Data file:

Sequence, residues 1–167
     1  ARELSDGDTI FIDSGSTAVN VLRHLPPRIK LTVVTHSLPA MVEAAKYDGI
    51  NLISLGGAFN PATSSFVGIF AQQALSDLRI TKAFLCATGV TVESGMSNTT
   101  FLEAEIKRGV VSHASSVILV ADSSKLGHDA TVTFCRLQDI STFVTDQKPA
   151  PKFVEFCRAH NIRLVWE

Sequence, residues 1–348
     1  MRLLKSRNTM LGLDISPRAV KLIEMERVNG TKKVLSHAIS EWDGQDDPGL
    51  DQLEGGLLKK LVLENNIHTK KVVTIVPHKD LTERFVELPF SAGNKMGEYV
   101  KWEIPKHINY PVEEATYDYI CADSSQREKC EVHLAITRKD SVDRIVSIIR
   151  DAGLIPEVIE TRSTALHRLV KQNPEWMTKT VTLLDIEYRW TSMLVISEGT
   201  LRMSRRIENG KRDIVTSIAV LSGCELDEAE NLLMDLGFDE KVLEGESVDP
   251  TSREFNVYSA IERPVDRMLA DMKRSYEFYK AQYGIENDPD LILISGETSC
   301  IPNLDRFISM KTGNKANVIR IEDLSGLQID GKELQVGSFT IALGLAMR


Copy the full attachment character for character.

Sequence, residues 1–167
     1  ARELSDGDTI FIDSGSTAVN VLRHLPPRIK LTVVTHSLPA MVEAAKYDGI
    51  NLISLGGAFN PATSSFVGIF AQQALSDLRI TKAFLCATGV TVESGMSNTT
   101  FLEAEIKRGV VSHASSVILV ADSSKLGHDA TVTFCRLQDI STFVTDQKPA
   151  PKFVEFCRAH NIRLVWE

Sequence, residues 1–348
     1  MRLLKSRNTM LGLDISPRAV KLIEMERVNG TKKVLSHAIS EWDGQDDPGL
    51  DQLEGGLLKK LVLENNIHTK KVVTIVPHKD LTERFVELPF SAGNKMGEYV
   101  KWEIPKHINY PVEEATYDYI CADSSQREKC EVHLAITRKD SVDRIVSIIR
   151  DAGLIPEVIE TRSTALHRLV KQNPEWMTKT VTLLDIEYRW TSMLVISEGT
   201  LRMSRRIENG KRDIVTSIAV LSGCELDEAE NLLMDLGFDE KVLEGESVDP
   251  TSREFNVYSA IERPVDRMLA DMKRSYEFYK AQYGIENDPD LILISGETSC
   301  IPNLDRFISM KTGNKANVIR IEDLSGLQID GKELQVGSFT IALGLAMR